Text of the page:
Australia v India, 3rd ODI, Melbourne January 17, 2016

India need to manufacture a Powerplay

The batsmen have been asked to score extra runs and their best way to do so is to think of overs 30 and 40, when there are only four men on the boundary, as one big Powerplay

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Around the time it became certain Australia were going to seal the series in Melbourne, a brilliantly funny tweet was retweeted 67 times. It showed a very young Rohit Sharma on a motorbike, Virat Kohli was riding pillion and the caption said: "Humse aur nahi hoga bhai, chal India wapas. [Brother, we can't do anymore, let's go back to India.]" All it needed was a sidecar with Ajinkya Rahane.

India have been on this treadmill of putting on 300 and failing to defend it, and every time the captain and the critics have asked the batsmen for more runs. In the absence of Mohammed Shami, their best ODI quick over the last two years, and with their throwing arms exposed ruthlessly by the Australian batsmen and their large outfields, India's helplessness has never been more obvious than when MS Dhoni asked for 30 more runs from the batsmen instead of improvement from his bowlers.

On a slower and drier MCG pitch the batsmen gave them 295, and India made a fist of it, but their fielding and bowling let them down at crucial moments again.

The scrutiny, however, was on the dot balls Rohit Sharma faced, when he has been the one batsman making up for slow starts like a fiend. The big hitting of Ajinkya Rahane was dissected and the absence of Suresh Raina was rued. Everybody has sort of given up on the bowlers.

And India's batsmen are like the elder ones among quarrelling brothers and they are being told, "Beta tu toh bada hai, tu hi samajh ja [Son, you are the elder one, you please understand.]" You are among the best in the world, so please score 20 more. The question is, where do the batsmen get them from? It is extra pressure, Dhoni has made that clear, but it is not impossible.

The onus is on India's batsmen to score extra, and there is a way to do so between overs 30 and 40 © Getty Images

Let's examine the options. Rahane came in to bat with the score at 134 for 2 in the 27th over. Eleven months ago, at the same venue, Rahane walked in at 136 for 2 in the 28th over against a far more threatening South African attack in the World Cup. He batted till the 46th over, struck 79 off 60 and fell with India's score at 278. In this match he got out in the 45th over, having made 50 off 55, with India at just 243. Back then India reached 307 despite a stutter in the end; here they were kept to 295 despite a powerful kick from Dhoni's nine-ball 23.

The big difference was the Powerplay. It was still a thing at the World Cup and India took 44 runs from five overs heading into the final 10.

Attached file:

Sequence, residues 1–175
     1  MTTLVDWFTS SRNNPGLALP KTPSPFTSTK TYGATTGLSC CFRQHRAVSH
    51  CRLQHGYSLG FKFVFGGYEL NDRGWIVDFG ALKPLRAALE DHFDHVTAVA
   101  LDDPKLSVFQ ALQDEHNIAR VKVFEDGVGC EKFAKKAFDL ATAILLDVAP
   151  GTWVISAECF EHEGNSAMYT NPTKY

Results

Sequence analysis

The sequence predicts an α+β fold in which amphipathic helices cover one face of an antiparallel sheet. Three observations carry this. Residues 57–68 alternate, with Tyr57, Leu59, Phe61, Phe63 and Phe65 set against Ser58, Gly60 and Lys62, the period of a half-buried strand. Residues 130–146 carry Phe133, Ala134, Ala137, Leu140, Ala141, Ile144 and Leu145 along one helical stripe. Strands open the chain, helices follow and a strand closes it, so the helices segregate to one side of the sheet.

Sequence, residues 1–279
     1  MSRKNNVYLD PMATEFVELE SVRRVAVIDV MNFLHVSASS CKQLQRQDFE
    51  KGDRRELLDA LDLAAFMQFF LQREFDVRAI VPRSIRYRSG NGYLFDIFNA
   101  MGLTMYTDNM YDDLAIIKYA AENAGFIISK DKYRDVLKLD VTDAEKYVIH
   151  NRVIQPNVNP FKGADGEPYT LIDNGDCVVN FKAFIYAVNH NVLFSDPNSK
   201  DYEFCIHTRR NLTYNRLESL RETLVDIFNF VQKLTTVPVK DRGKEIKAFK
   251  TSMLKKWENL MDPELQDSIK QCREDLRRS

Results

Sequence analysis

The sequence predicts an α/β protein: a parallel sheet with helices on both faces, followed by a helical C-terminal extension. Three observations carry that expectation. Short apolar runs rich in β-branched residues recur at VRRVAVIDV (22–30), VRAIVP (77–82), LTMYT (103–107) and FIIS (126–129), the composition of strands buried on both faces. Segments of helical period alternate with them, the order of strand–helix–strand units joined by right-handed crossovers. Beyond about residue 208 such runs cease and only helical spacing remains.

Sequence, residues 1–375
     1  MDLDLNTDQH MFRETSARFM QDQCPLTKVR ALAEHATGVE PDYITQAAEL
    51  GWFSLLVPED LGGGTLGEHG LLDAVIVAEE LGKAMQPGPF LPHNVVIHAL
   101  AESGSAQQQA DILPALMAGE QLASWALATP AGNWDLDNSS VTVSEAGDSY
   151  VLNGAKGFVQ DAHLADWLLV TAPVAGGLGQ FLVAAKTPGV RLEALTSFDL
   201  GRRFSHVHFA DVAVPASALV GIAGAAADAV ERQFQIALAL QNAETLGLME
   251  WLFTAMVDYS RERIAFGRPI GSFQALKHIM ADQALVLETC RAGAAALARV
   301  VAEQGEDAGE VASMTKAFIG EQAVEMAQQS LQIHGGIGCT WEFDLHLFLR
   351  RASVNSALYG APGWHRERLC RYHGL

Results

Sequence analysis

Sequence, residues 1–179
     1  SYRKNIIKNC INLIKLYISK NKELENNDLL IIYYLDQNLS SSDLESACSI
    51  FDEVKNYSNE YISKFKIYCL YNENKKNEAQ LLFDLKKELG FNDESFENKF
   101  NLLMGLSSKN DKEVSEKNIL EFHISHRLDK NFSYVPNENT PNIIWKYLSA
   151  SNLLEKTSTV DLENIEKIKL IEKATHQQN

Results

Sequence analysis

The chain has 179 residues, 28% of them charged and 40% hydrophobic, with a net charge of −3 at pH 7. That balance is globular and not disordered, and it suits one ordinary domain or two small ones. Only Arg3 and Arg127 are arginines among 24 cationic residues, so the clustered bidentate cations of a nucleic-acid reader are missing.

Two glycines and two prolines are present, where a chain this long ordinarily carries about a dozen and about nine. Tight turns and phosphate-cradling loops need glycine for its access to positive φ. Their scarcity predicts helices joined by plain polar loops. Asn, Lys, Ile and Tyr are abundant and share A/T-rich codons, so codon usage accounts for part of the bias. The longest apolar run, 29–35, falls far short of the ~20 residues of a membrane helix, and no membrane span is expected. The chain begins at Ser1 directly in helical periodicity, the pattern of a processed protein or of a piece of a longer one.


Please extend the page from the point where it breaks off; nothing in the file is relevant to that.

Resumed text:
But since the Powerplay has been abolished from ODI cricket, India have struggled to stay abreast with other teams. Dhoni had himself brought up the issue when, despite Rohit Sharma's 150, India failed to chase 304 in Kanpur. In that game, India scored just 20 runs between the 35th and 40th overs, when batting Powerplay would have normally been on.

With the change in rules, the last 10 overs, especially batting first, are not as critical as they used to be. Five fielders are allowed outside the 30-yard circle and teams can't bank on getting 120 runs every time. Batsmen now need to look at overs 30 to 40 to accelerate.

This is the time when there is one less boundary rider to worry about. It is some time in these overs that India need to create a Powerplay in their head. If a wicket falls, they should send a hitter in because, as Dhoni said, there is no need for one in the last 10 overs. Especially on these vast Australian outfields, where 80 runs can be scored by just knocking the ball around and the odd boundary, which is precisely what Dhoni can do.

So when India's captain asked for extra runs, you would have expected the batsmen to look for them between overs 30 and 40. In Melbourne, only 60 runs were added in these overs. In Brisbane and in Perth, an identical 67.

India have been playing the first block of each game perfectly, especially with a shaky lower-middle order to follow. Their scores of 149 for 1, 166 for 2 and 147 for 2 at the end of 30 overs are testament to their quick scoring without losing wickets and under the pressure of knowing there isn't much to follow. If, at some point before the 40th over, they can manufacture a Powerplay in their minds, possibly pick on a particular bowler, they may be able to get those extra 20 runs before going into the final overs.

Aaron Finch and Shaun Marsh did just that a couple of days ago and Australia went from 93 to 135 in three overs. It is not how India batsmen - more traditional and correct, who like to eliminate risk by following a method - like to bat, but their bowling and their fielding demand those extra runs be scored.

Sidharth Monga is an assistant editor at ESPNcricinfo